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DTM Legal’s Fredrica Jarrett takes a look at some of the arguments company directors make as a defence to a claim of breach of duties, and outlines why the Courts may take a strict view.

In Secretary of State for Trade and Industry v Griffiths and Others Lord Woolf said “it is of the greatest importance that any individual who undertakes the statutory and fiduciary obligations of being a company director should realise that these are inescapable personal responsibilities”.

Under the Companies Act 2006 (Act) directors owe certain duties to the company; breach of these duties can have serious consequences for directors including personal liability and potential criminal liability!

The 7 duties imposed on directors under the Act are:

  • to act within powers and to only exercise powers for their proper purpose;
  • to promote the success of the company;
  • to exercise independent judgment;
  • to exercise reasonable care, skill and due diligence;
  • to avoid conflicts of interest;
  • not to accept benefits from third parties; and
  • to declare an interest in proposed transactions or arrangements with the company.

There are many arguments directors can make as a defence to a claim of breach of duties, a few of which are identified below; however case law over the years confirms that the Courts take a strict view of any breach of directors’ duties:

“I’m a former director, I’m no longer liable”

In IT Human Resources Plc v David Land the company brought a claim against a former director when it discovered that the director had infringed the company’s copyright whilst he was an employee by providing it to a competitor without the company’s consent.

The Court found that the copyright infringement was also a breach of the director’s duties to act in good faith, in a way which would be most likely to promote the success of the company and to avoid a conflict of interests with the company.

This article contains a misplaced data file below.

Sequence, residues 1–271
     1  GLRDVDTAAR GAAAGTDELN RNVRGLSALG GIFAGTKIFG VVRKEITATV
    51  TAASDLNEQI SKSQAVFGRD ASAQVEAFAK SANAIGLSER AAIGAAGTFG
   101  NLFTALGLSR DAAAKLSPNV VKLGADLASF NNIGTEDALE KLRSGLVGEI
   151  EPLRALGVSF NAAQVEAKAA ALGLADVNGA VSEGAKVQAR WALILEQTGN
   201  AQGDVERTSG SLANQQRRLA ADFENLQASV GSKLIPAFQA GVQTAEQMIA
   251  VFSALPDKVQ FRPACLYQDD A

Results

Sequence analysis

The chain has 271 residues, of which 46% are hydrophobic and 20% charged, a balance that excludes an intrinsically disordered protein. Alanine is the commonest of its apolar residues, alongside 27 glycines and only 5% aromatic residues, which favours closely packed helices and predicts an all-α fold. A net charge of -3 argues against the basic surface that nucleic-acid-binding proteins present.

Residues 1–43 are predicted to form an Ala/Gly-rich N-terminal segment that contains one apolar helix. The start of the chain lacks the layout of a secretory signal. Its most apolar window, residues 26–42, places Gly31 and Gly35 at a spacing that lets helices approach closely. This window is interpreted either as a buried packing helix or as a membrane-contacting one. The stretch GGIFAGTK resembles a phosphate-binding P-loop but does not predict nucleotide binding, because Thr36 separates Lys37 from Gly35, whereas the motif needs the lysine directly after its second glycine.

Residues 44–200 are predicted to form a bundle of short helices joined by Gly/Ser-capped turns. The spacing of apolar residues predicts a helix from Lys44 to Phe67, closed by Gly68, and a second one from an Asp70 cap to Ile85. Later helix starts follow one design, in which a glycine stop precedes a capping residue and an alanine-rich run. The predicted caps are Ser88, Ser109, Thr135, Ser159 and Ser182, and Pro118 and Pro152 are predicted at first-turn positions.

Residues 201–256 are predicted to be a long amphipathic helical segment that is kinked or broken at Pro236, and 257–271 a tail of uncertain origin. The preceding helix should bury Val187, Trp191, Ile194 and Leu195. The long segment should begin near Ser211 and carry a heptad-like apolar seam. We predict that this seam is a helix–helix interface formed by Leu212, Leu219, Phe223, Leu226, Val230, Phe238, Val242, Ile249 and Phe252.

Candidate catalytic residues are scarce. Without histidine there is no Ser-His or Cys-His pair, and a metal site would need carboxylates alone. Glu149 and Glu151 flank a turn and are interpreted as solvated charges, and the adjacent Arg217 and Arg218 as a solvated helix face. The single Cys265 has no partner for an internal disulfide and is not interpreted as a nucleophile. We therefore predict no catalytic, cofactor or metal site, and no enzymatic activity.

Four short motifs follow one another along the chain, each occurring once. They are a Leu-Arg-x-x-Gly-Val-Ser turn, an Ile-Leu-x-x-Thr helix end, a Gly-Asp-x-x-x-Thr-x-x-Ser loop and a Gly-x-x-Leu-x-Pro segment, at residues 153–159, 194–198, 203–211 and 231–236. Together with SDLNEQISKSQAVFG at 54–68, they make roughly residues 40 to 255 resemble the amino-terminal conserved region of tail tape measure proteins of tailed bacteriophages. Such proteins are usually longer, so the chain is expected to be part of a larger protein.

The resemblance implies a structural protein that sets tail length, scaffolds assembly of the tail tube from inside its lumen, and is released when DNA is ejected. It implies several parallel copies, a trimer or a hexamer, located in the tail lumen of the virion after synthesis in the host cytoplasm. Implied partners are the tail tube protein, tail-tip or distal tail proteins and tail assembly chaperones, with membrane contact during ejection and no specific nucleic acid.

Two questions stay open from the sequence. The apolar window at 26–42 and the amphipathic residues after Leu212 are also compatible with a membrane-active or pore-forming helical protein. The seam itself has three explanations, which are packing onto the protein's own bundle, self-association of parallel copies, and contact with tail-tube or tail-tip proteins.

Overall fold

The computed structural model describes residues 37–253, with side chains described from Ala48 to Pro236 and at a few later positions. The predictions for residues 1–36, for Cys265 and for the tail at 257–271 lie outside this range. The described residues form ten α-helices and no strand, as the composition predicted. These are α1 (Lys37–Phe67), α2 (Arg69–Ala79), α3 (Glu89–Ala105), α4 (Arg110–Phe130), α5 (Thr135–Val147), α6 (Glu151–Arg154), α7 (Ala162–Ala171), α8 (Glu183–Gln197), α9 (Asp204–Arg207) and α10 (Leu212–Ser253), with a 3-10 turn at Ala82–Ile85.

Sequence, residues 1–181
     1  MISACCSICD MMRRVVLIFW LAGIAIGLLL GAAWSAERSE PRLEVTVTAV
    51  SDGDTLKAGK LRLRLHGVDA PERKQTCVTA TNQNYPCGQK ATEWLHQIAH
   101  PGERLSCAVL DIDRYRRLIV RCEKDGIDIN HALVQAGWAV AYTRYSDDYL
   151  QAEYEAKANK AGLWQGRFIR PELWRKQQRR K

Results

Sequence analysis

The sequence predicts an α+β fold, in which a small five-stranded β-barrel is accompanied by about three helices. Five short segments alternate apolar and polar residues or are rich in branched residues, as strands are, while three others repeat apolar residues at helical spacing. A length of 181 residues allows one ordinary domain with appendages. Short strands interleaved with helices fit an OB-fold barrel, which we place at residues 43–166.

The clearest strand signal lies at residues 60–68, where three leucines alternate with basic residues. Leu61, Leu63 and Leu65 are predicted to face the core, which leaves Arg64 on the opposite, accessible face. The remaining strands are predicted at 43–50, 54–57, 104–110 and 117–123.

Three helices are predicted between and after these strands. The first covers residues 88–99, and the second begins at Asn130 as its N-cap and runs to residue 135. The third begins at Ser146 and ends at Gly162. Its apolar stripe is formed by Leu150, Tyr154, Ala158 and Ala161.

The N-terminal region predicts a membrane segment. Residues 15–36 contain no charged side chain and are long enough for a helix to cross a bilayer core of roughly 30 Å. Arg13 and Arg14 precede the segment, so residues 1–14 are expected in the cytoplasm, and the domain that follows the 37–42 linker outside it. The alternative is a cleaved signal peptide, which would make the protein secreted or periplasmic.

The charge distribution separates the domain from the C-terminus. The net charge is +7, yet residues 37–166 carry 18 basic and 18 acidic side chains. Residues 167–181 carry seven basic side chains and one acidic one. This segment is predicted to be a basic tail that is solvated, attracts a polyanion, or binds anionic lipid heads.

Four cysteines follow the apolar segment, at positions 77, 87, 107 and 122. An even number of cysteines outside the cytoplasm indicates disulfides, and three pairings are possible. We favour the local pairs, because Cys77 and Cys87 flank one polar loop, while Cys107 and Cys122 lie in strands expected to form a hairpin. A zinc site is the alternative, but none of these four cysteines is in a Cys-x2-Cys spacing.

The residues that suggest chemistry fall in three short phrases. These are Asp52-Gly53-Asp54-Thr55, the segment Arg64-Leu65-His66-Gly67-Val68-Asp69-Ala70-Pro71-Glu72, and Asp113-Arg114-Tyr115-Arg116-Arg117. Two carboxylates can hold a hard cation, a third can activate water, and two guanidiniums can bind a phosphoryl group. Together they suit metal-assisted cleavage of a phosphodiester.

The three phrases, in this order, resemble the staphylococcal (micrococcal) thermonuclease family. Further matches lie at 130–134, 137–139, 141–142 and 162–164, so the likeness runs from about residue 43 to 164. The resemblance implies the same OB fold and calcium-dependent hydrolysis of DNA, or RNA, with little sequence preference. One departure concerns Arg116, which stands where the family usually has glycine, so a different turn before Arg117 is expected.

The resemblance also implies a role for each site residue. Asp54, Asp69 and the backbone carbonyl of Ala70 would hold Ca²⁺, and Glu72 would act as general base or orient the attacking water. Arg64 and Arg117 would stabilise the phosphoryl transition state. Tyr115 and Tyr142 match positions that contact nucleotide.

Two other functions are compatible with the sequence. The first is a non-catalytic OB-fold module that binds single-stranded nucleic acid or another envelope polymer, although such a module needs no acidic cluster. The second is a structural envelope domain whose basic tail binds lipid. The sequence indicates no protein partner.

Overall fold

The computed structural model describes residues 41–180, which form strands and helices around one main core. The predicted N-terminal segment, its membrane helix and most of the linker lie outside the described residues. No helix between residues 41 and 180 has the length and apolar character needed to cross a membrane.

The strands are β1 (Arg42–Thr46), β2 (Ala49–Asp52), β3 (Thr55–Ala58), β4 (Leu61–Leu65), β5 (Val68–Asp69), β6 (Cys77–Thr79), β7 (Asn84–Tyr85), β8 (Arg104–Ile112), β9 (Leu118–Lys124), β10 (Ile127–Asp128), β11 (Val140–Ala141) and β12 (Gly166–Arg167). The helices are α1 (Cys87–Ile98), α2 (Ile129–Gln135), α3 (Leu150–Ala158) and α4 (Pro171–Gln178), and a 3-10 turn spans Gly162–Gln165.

The director was liable to an account of profit for the copyright infringement and breach of duty.

“I’m not even a formally appointed director”

In Vivendi SA and Centenary Holdings Ltd v Richards and Bloch, Bloch was the sole director and Richards the alleged shadow director. A shadow director is anyone who is directly controlling the decision making at the company, and his direction and instruction translate into direct action by the board.

The Court found Richards to be a shadow director and as such owing duties to the company. It was held that Richards had used his influence within the company to encourage spending beyond its means at the time. Richards and Bloch were ordered to pay Vivendi £10m.

Dependent on your functions and influence within a company, the fact that you have not been formally appointed as a director does not mean you can escape owing duties to the company.

“I’m a non-executive director; I don’t get involved in the day to day running of the company”

In Lexi Holdings PLC (In Administration) v Luqman & Others the Court found two sisters who were co-directors with their brother were liable to recompense the company due to their brother’s dishonesty and misappropriation of £60m.

The Court held that the sisters had been totally inactive in their directorships and had failed to exercise diligence. Their failure to seek advice and inform the company’s auditors of their concerns rendered them liable for breaching their duties.

The Act makes no distinction between executive and non-executive directors; non-executive directors with little involvement can also be liable.

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“It was private, informal arrangement and nothing to do with the company”